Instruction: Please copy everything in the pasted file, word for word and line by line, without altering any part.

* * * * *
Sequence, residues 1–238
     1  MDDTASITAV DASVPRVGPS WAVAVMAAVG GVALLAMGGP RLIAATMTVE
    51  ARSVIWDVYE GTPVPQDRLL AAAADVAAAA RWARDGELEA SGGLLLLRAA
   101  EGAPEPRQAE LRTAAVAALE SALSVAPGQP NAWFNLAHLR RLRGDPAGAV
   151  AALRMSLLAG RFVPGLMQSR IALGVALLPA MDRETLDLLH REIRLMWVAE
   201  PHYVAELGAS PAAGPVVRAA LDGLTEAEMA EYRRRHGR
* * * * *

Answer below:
Sequence, residues 1–238
     1  MDDTASITAV DASVPRVGPS WAVAVMAAVG GVALLAMGGP RLIAATMTVE
    51  ARSVIWDVYE GTPVPQDRLL AAAADVAAAA RWARDGELEA SGGLLLLRAA
   101  EGAPEPRQAE LRTAAVAALE SALSVAPGQP NAWFNLAHLR RLRGDPAGAV
   151  AALRMSLLAG RFVPGLMQSR IALGVALLPA MDRETLDLLH REIRLMWVAE
   201  PHYVAELGAS PAAGPVVRAA LDGLTEAEMA EYRRRHGR